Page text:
McMurdo P made similar statements in Jones.
Thomas JA in Wylie was also clear in his call for legislative reform:
I agree that there is an urgent need for consideration by the legislature concerning the vast alterations in liability for damages and economic consequences produced by Astley in a range of cases including those between employer and employee and those involving professional negligence. 
Ambrose J in Wylie, however, was somewhat reluctant to call for legislative reform as he considered that, as outlined above, apportionment may be achieved by a counterclaim in contract for at least part of the assessed damages to the extent to which the plaintiff caused the defendant’s loss. Ambrose J, however, noted:
It may be that the whole of assessed damages would be recoverable by the [defendant]; if so, an amendment of the apportionment legislation might be required in the interests of negligent plaintiffs who might otherwise find themselves in the position of plaintiffs before apportionment legislation was introduced in the 1950s. 
While attractive and called for by scholars and members of the judiciary alike, legislative intervention is not without difficulty. As a state matter, the timing of legislative reform and the content of proposed legislation are issues which would need to be resolved between the various states and territories in Australia. If legislative reform is approached in a haphazard fashion without appropriate consultation between state and territory governments, uniformity of response will likely be lost. In addition, such a situation may present conflict of laws problems. Depending on the bargaining strength of the parties to a contract, one party may seek to include a proper law clause which specifies the law of a State or Territory which has or has not (whatever the case may be) legislated to allow for apportionment of liability in contractual claims where both parties are, to some degree, at fault.
Wylie and Jones confirm that resolving the issues arising from Astley relating to apportionment of liability in contract cases and the different approaches to causation in contract and tort is a complex matter with no easy fix. Whilst the Queensland Court of Appeal had cause to consider some argument in respect of the implications of Astley and the means by which apportionment of liability could still be achieved, few cogent answers were provided as, for one reason or another, it was unnecessary for the court in each case to determine such argument. At this stage, therefore, the basic principle remains that a plaintiff will likely avoid any liability for contribution by reason of his, her or its own fault if the action is grounded in contract rather than negligence.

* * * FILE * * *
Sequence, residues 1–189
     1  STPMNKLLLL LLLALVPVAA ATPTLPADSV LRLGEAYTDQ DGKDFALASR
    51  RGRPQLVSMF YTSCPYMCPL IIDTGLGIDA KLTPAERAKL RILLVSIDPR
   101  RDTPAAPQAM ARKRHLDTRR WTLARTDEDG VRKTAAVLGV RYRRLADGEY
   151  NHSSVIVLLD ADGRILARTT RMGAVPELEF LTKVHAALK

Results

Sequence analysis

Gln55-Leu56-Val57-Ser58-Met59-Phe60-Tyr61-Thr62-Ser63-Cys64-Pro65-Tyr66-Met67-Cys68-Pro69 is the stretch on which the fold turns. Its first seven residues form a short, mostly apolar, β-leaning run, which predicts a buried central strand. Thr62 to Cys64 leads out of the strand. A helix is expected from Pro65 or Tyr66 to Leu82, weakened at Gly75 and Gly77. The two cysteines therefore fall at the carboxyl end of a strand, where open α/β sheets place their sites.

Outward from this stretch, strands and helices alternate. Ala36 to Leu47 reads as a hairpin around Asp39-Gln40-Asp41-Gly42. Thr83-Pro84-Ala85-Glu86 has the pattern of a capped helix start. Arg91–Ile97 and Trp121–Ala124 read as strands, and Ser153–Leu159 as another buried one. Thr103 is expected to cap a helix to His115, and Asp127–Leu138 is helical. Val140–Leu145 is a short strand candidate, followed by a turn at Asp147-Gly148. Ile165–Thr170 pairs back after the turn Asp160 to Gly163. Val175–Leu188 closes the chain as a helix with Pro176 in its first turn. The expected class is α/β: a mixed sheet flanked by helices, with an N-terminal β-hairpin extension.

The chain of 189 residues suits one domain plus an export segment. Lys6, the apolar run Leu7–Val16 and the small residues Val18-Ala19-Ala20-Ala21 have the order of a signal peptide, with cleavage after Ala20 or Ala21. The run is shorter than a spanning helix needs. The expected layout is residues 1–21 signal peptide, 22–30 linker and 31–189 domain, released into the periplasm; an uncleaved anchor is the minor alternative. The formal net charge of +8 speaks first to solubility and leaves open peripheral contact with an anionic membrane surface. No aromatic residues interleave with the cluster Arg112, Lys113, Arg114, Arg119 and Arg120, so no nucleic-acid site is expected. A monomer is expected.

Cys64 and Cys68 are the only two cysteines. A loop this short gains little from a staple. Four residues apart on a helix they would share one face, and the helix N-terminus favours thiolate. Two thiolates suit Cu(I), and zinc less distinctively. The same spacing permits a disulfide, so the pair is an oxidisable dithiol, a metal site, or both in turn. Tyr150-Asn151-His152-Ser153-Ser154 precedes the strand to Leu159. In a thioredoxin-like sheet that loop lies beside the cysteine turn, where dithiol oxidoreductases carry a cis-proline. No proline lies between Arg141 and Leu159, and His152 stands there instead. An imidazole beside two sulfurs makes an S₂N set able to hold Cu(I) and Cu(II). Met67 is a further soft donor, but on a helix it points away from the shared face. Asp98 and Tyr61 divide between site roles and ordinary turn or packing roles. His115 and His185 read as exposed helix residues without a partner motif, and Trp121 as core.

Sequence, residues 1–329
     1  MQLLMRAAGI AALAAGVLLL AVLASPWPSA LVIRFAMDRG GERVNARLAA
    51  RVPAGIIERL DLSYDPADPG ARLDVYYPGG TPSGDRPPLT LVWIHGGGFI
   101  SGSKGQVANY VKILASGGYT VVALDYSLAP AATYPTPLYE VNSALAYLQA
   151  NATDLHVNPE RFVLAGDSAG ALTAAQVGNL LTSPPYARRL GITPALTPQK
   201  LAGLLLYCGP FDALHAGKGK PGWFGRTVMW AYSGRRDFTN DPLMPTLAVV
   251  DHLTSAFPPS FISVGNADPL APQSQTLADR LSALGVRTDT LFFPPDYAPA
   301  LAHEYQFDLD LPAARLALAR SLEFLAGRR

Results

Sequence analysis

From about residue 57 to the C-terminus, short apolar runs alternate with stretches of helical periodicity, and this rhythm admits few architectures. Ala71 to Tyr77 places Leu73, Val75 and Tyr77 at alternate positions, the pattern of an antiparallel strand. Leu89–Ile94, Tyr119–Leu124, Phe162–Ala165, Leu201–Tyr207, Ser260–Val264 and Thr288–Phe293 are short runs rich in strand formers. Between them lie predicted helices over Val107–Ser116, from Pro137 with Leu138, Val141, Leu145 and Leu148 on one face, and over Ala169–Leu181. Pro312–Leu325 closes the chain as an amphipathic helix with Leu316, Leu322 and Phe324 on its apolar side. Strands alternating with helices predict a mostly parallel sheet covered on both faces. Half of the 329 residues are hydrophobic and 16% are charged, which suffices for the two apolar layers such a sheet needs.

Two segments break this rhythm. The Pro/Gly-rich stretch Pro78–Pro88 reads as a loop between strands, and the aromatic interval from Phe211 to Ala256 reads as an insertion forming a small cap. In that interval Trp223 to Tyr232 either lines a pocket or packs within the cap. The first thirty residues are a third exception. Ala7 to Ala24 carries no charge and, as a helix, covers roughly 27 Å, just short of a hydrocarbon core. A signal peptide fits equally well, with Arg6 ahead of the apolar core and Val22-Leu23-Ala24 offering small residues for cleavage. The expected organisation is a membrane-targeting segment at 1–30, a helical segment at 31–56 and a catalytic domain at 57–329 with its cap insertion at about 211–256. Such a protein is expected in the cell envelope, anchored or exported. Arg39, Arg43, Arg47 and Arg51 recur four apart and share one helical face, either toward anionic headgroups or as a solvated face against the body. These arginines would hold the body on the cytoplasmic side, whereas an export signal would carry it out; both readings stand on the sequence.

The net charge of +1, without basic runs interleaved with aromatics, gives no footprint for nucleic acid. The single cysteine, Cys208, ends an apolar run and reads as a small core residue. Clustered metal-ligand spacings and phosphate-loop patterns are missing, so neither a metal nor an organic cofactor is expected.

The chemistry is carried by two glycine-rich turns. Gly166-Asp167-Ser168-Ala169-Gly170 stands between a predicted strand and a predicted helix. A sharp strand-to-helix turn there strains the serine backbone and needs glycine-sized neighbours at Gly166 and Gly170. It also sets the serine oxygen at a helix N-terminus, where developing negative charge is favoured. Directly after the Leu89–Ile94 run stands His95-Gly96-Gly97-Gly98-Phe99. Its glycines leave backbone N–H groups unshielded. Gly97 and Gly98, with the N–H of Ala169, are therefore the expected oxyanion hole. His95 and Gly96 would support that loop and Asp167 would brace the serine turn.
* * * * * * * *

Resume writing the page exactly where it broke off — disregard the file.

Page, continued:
Although various scholars have suggested responses to the ramifications of Astley and the means by which apportionment may nonetheless be achieved, Wylie and Jones both indicate that there are some concerns, at least at Queensland Court of Appeal level, as to the viability of some of the proposed responses. The primary concerns include the likelihood of judicial reform to the approach to causation, the practicality and workability of a counterclaim by a defendant and its effect on the plaintiff’s claim and the timing and content of legislative intervention. These are significant issues for plaintiffs and defendants and until such time as they are resolved by either the courts or the legislature, both plaintiffs and defendants must carefully determine which way to jump when considering how to plead their action and argue their case.
Postscript: On 7 August 2001, Queensland's Attorney General, the Honourable Robert Welford, tabled the Law Reform (Contributory Negligence) Bill in the Queensland Legislative Assembly. The Bill amends the Law Reform Act 1995. The Bill addresses the impact of the decision of the High Court in Astley v Austrust by enabling apportionment of liability in a claim for damages where the claim is based on grounds other than negligence.
The Bill is retrospective in its operation and thereby seeks to restore the law to the position that was commonly accepted as applying in Queensland before the decision in Astley v Austrust. It should be pointed out, however, that the proposed amendments are drafted so that they do not affect the rights of parties to proceedings that have been commenced or determined or in cases where a settlement has been negotiated. Furthermore, it should also be pointed out that the proposed amendments do not apply to claims under the Workcover Queensland Act 1996.
Once passed, the amendments will be taken to have commenced on 7 August 2001.
As is evident in the Explanatory Notes to the Bill, the Queensland Parliament has heeded the call by the courts for legislative reform. Once the Bill is enacted, the ramifications of the High Court decision in Astley v Austrust will become part of Queensland's legal history.
[*] BA, LLB (Hons) (UQ), Lawyer, Allens Arthur Robinson, Brisbane. This article was originally submitted as a Masters paper to the Faculty of Law, QUT.
 73 ALJR 403.
  QCA 314 (4 August 2000).
  QCA 386 (22 September 2000).
 Doyle CJ, Olsson and Duggan JJ.
 (1988) 78 ALR 69.
 Ibid at 102.
  UKHL 5;  2 AC 145.
 with whom Lord Keith, Lord Brown-Wilkinson, Lord Mustill and Lord Nolan agreed.
 Henderson v Merret Syndicates Ltd  UKHL 5;  2 AC 145 at 193-4.
 Astley, supra n 1 at .
 Ibid at .
 Ibid at ; footnotes omitted.